Everything is driving me to distraction these days. I can’t focus. So, rather than knuckling down on writing my next book, I thought I would surf the internet for some clues to my malaise. And, sure enough, with enough diligence, I found some interesting information. According to Nir Eyal, distraction is how we avoid dealing with feelings such as boredom, loneliness, insecurity, fatigue, and uncertainty.
Hmm. I’ve got those emotions going for me these days. I’m:
- Bored sitting at home all day.
- Lonely because I can’t hang out with family and friends.
- Uncertain because danger lurks out there in all forms: COVID, the flu, terrorist bombs, civil unrest, texting drivers, yellow jackets, fire ants, the boogeyman, and flying pigs just to name a few.
- Tired of worrying about politics and the hot weather.
- Insecure because I’m a little rotund and worried that others will not appreciate my writing.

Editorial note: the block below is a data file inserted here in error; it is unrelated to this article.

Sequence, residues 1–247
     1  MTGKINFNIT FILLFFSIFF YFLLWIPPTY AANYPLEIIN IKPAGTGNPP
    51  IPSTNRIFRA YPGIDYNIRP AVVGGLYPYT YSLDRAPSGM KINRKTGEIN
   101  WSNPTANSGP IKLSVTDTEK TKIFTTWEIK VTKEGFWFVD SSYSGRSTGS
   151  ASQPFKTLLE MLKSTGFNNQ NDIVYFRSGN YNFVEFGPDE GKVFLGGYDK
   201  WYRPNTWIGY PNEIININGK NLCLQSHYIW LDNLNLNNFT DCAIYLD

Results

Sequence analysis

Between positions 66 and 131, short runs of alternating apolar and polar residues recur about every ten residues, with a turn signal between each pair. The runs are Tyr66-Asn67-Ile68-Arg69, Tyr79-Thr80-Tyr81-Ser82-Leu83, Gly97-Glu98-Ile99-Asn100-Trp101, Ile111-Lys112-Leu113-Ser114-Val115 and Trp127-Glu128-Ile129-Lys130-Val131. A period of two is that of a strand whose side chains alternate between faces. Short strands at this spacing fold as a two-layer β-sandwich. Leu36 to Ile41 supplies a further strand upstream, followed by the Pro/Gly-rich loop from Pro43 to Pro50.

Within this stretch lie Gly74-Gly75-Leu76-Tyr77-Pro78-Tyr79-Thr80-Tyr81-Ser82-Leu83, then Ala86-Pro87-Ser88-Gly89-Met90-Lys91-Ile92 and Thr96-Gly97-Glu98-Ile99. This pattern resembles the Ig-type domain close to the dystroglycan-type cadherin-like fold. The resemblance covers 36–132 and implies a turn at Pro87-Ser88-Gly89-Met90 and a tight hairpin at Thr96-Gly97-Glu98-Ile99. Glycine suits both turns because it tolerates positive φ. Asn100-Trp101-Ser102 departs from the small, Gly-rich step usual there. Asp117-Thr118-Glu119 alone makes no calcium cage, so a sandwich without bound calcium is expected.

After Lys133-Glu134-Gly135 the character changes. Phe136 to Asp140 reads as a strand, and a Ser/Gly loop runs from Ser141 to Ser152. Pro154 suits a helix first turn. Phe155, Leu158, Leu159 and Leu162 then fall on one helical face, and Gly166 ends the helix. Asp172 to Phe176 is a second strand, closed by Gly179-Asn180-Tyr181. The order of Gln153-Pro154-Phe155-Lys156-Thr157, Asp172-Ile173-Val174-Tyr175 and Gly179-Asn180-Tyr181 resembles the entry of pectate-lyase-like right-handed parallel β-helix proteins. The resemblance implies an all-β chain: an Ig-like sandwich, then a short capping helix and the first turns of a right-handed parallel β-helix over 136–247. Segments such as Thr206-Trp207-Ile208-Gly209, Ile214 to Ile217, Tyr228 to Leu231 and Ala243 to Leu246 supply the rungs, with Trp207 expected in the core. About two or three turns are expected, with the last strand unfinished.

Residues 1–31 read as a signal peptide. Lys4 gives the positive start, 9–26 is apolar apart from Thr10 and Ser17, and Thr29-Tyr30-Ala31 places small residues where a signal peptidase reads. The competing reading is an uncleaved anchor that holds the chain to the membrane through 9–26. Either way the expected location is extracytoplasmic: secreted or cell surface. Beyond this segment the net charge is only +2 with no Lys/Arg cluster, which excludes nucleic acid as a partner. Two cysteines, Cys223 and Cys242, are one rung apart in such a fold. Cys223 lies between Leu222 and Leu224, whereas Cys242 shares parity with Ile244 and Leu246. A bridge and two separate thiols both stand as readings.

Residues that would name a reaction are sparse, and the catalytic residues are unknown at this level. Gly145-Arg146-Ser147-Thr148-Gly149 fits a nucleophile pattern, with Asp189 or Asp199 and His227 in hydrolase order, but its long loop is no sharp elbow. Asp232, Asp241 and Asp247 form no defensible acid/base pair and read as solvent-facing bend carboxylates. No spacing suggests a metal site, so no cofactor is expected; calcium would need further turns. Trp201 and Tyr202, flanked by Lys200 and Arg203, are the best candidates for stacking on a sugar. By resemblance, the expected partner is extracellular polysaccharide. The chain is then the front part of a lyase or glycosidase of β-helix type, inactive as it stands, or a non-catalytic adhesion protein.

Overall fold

When you begin to feel sidetracked and start your avoidance plan by checking email, texts, browsing social media, or eating, stop, and do an inventory. What is really going on? Why do you feel a compulsion to avoid feelings that are surging within you?
Once you’ve figured out what it is, be kind to yourself as you would a friend. Everybody falls for some type of distraction. If life were perfect, we would not push to grow and change. Only with growth and change do we flourish.
What are your priorities are in life? Carve out time in your schedule to advance what is important to you.
Avoiding something that you know you need to do? Try the ten-minute rule. Set an appointment with yourself and spend at least ten minutes on the task.
Lastly, try the flip side technique. Look for the positive in everything. Your car was totaled? Give thanks that you survived.
Eyal, Nir. “How to be indistractable” retrieved September 4, 2020, from https://psyche.co/guides/to-become-indistractable-recognise-that-it-starts-within-you?utm_source=pocket-newtab